18. Gardner DR, Thorne MS, Molyneux RJ, Pfister JA, Seawright AA (2006) Pyrrolizidine alkaloids in Senecio madagascariensis from Australia and Hawaii and assessment of possible livestock poisoning. Biochem Syst Ecol 34:736–744CrossRefGoogle Scholar
  19. Griffin WJ, Lin GD (2000) Chemotaxonomy and geographical distribution of tropane alkaloids. Phytochemistry 53(6):623–637PubMedCrossRefPubMedCentralGoogle Scholar
  20. Hampel CA, Hawley GG (1976) Glossary of chemical terms. Nostrand Reinhold Company, New YorkGoogle Scholar
  21. Hartmann T (1999) Chemical ecology of pyrrolizidine alkaloids. Planta 207:483–495CrossRefGoogle Scholar
  22. Hartmann T, Ober D (2000) Biosynthesis and metabolism of pyrrolizidine alkaloids in plants and specialized insect herbivores. Springer-Verlag, Berlin, pp 207–243Google Scholar
  23. Hartmann T, Witte L (1995) Pyrrolizidine alkaloids: chemical, biological and chemoecological aspects. Alkaloids Chem Biol Perspect 9:155–233CrossRefGoogle Scholar
  24. Hegnauer R (1988) Biochemistry, distribution and taxonomic relevance of higher plant alkaloids. Phytochemistry 27:2423–2427CrossRefGoogle Scholar
  25. Hesse M (1981) Alkaloid chemistry. Wiley, New YorkGoogle Scholar
  26. Hotti H, Rischer H (1962) The killer of Socrates: coniine and related alkaloids in the plant kingdom. Molecules 22.  https://doi.org/10.3390/molecules22111962PubMedCentralCrossRefGoogle Scholar
  27. Hotti H, Gopalacharyulu P, Seppänen-Laakso T, Rischer H (2017) Metabolite profiling of the carnivorous pitcher plants Darlingtonia and Sarracenia. PLoS ONE 12:e0171078PubMedPubMedCentralCrossRefGoogle Scholar
  28. Huizing HJ, Gadella TW, Kliphuis E (1982) Chemotaxonomical investigations of the Symphytum officinale polyploid complex and S. asperum (Boraginaceae): the pyrrolizidine alkaloids. Plant Syst Evol 140:279–292CrossRefGoogle Scholar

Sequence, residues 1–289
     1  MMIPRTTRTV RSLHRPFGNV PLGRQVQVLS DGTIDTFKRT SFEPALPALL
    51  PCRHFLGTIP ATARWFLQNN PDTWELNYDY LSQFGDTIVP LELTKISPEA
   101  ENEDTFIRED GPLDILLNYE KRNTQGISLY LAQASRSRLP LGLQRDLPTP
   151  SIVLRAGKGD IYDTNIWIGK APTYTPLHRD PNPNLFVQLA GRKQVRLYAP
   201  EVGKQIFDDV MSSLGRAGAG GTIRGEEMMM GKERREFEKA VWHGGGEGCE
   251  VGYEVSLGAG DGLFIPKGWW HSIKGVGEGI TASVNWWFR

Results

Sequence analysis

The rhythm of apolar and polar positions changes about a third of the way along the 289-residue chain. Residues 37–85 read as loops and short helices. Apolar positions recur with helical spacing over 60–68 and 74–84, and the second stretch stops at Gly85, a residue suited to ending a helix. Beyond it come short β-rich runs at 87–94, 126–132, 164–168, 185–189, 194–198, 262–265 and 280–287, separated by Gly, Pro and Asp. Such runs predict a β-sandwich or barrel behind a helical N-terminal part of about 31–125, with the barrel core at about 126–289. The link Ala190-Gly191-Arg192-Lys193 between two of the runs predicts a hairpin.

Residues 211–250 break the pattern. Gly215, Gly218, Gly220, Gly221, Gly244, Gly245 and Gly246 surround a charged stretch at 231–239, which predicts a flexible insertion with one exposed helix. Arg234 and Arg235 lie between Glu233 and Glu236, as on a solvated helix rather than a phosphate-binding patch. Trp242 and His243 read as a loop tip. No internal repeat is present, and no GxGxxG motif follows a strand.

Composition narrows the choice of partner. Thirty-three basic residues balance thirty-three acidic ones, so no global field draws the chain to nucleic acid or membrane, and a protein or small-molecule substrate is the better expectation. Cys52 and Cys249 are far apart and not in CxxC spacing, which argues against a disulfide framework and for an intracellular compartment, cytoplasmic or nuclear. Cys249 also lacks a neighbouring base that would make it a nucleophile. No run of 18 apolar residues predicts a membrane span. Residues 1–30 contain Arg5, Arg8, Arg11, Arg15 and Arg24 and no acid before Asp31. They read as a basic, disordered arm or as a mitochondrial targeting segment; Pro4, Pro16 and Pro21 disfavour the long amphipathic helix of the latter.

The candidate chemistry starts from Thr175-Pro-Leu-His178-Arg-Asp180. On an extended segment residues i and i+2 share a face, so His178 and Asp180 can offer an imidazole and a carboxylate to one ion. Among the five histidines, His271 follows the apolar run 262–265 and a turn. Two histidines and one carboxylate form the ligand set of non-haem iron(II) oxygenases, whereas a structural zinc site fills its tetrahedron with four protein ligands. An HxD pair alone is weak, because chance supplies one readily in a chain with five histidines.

29. Itoh A, Kumashiro T, Yamaguchi M, Nagakura N, Mizushina Y, Nishi T, Tanahashi T (2005) Indole alkaloids and other constituents of Rauwolfia serpentina. J Nat Prod 68:848–852PubMedCrossRefGoogle Scholar
  30. Jakubke H-D, Jeschkeit H, Eagleson M (1994) Concise encyclopedia chemistry. Walter de Gruyter, Berlin, New YorkGoogle Scholar
  31. Jing H, Liu J, Liu H, Xin H (2014) Histochemical investigation and kinds of alkaloids in leaves of different developmental stages in Thymus quinquecostatus. Sci World J 2014:1–6CrossRefGoogle Scholar
  32. Jirschitzka J, Schmidt GW, Reichelt M, Schneider B, Gershenzon J, D’Auria JC (2012) Plant tropane alkaloid biosynthesis evolved independently in the Solanaceae and Erythroxylaceae. Proc Nat Acad Sci 109:10304–10309PubMedCrossRefGoogle Scholar
  33. Kaur R, Arora S (2015) Alkaloids-important therapeutic secondary metabolites of plant origin. J Crit Rev 2:1–8Google Scholar
  34. Kelley RB, Seiber JN (1992) Pyrrolizidine alkaloid chemosystematics in Amsinckia. Phytochemistry 31:2369–2387CrossRefGoogle Scholar
  35. Kliebenstein DJ (2012) Making new molecules—evolution of structures for novel metabolites in plants. Curr Opin Plant Biol 16:1–6CrossRefGoogle Scholar
  36. Kostova N, Christov V, Cholakova M, Nikolova E, Evstatieva L (2006) Pyrrolizidine alkaloids from Bulgarian species of the genus Senecio. J Serb Chem Soc 71:1275–1280CrossRefGoogle Scholar
  37. Kumari R, Rathi B, Rani A, Bhatnagar S (2013) Rauvolfia serpentina L. Benth. ex Kurz.: phytochemical, pharmacological and therapeutic aspects. Int J Pharm Sci Rev Res 23:348–355Google Scholar
  38. Kurucu S, Kartal M, Choudhary MI, Topçu G (2002) Pyrrolizidine alkaloids from Symphytum sylvaticum Boiss. subsp. sepulcrale. (Boiss. & Bal.) Greuter & Burdetvar. sepulcrale and Symphytum aintabicum Hub. -Mor. & Wickens. Turk J Chem 26:195–200Google Scholar
  39. Langel D, Ober D, Pelser PB (2011) The evolution of pyrrolizidine alkaloid biosynthesis and diversity in the Senecioneae. Phytochem Rev 10:3–74CrossRefGoogle Scholar
  40. Liu F, Wan SY, Jiang Z, Li SFY, Ong ES, Osorio JCC (2009) Determination of pyrrolizidine alkaloids in comfrey by liquid chromatography–electrospray ionization mass spectrometry. Talanta 80:916–923PubMedCrossRefPubMedCentralGoogle Scholar